Thursday, October 23, 2014

'Parallel I-IV' (2014) directed by Harun Farocki [LFF 2014]

It'd be a shame if the London Film Festival were entirely pretty actors in expensive clothes prancing around on a drizzly Leicester Square red carpet.  Sometimes you want to dig a little deeper. That's where 70 year old Czech born German experimental documentarians come in. Screened as part of the Experimenta strand, the late Harun Farocki's Parallel I-IV is a series of short documentaries that explore the politics, imagery and narrative limitations of videogames.

I enjoy the odd videogame but I have no illusions as to their worth.  Maybe one day they will evolve into a worthwhile activity, but as it stands they're glorified Skinner boxes designed to dole out doses of emotion.  The most powerful illusion that a videogame creates, the barometer by which we measure their quality, is the creation of a false sense of accomplishment (popularly known as 'gameplay').  Whether it's becoming a champion race car driver, winning the world cup or becoming the top crime boss in a city, what videogames ultimately simulate best is success.

In this regard the best videogames act as opiates, granting the player a temporary tingle of fake happiness that quickly fades, needing to be supplemented by another fix.  And then another, ad infinitum.  There's a reasonable argument that other media offer the same thing; the adrenaline rush of a good action movie or the shiver down the spine when those star-crossed lovers finally smooch.  But whilst other media are often able to make you more intelligent and give you new perspectives on the world, videogames tend to make you dumber through a seductive narrative of individual empowerment.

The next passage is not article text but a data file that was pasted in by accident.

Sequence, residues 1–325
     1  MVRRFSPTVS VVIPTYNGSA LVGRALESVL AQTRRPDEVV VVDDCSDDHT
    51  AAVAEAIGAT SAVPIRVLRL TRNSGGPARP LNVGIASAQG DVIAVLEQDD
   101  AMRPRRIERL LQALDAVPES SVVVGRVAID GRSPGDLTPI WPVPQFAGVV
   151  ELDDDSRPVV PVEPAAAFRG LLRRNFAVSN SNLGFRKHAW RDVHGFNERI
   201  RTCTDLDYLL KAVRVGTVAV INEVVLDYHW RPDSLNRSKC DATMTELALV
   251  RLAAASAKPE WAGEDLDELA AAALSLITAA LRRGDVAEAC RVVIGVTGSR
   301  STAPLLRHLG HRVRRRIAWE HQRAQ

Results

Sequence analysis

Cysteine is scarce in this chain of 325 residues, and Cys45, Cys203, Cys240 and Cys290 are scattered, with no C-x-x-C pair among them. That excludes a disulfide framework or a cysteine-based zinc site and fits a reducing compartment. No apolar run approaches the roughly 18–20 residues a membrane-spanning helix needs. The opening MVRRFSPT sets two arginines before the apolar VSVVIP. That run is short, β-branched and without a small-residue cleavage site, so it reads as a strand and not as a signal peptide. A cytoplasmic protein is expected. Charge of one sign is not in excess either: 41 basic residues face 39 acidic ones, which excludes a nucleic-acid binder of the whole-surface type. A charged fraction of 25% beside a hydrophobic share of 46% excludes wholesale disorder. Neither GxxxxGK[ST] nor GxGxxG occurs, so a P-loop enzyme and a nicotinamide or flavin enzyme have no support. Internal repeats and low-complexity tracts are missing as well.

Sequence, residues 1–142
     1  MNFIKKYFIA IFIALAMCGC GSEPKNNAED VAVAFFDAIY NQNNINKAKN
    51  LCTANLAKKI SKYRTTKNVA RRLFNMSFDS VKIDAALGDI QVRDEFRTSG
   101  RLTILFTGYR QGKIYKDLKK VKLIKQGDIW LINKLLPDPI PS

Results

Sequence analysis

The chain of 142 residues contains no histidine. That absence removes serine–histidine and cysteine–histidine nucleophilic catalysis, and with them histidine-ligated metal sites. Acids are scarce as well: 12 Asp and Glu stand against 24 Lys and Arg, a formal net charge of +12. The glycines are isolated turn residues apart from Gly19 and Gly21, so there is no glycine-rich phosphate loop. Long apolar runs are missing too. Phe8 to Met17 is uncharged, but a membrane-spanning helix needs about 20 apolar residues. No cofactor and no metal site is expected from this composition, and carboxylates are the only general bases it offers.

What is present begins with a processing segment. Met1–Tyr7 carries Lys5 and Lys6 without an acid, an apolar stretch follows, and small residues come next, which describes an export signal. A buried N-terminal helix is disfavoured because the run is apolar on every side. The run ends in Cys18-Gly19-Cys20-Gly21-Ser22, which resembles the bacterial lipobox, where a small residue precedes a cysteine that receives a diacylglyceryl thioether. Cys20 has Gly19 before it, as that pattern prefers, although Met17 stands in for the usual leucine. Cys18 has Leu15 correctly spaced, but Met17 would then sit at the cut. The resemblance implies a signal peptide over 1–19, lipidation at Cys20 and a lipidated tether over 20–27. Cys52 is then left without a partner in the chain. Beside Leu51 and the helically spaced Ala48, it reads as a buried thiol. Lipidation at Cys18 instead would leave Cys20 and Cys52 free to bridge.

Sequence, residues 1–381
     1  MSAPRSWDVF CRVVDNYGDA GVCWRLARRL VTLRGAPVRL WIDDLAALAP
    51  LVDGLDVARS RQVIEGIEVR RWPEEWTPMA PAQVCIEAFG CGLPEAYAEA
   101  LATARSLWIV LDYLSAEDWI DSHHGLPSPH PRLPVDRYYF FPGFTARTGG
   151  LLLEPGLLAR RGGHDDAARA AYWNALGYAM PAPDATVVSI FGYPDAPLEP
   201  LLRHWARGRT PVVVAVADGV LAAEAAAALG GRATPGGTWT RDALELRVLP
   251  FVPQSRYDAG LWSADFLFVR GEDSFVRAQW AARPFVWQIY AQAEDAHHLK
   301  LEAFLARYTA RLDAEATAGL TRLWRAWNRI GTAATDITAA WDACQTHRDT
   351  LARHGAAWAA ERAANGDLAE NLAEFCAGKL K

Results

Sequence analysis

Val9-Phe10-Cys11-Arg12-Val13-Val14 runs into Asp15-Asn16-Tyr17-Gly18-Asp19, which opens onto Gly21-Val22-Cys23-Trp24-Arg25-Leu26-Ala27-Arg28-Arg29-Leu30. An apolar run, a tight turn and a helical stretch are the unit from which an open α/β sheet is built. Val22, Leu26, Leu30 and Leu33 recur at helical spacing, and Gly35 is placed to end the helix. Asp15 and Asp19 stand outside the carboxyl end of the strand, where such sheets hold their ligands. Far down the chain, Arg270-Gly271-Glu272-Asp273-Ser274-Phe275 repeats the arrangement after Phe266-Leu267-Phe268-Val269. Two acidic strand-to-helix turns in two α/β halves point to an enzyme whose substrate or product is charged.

With that in mind, the key to the Parallel series success is exploring videogames from an outsider's perspective.  Harun Farocki, having no emotional attachment to the medium, comes at it with a clean mind, free from preconceptions as to how games work or what conditions of 'good play' are.  What interests him is the idea of poking at the edges of virtual worlds, observing behavioural algorithms and examining methods of representing reality.  

An aspect of games that's often overlooked is the accepted boundaries of behaviour for a player.  Experienced players know the ropes, for example, they instinctively grasp the boundaries of a level and capabilities of their avatar and, so, over the course of normal play, won't try to squeeze through barriers that demarcate where the game world 'ends'.  

In footage from L.A. Noire we follow a policeman around an impressively rendered 1940s Los Angeles, the only obviously unrealistic thing the impassable roadblocks preventing the player from leaving the city.  A seasoned player wouldn't give these a second thought, yet Farocki drives his virtual cop car directly into them over and over again.  We see a similar process in Red Dead Redemption, a cowboy meanders his way across an epic prairie, only to plunge to his death when he crosses a certain, unmarked point on the map.  Open world games sell themselves on player freedom, yet Farocki exposes that freedom as strictly defined.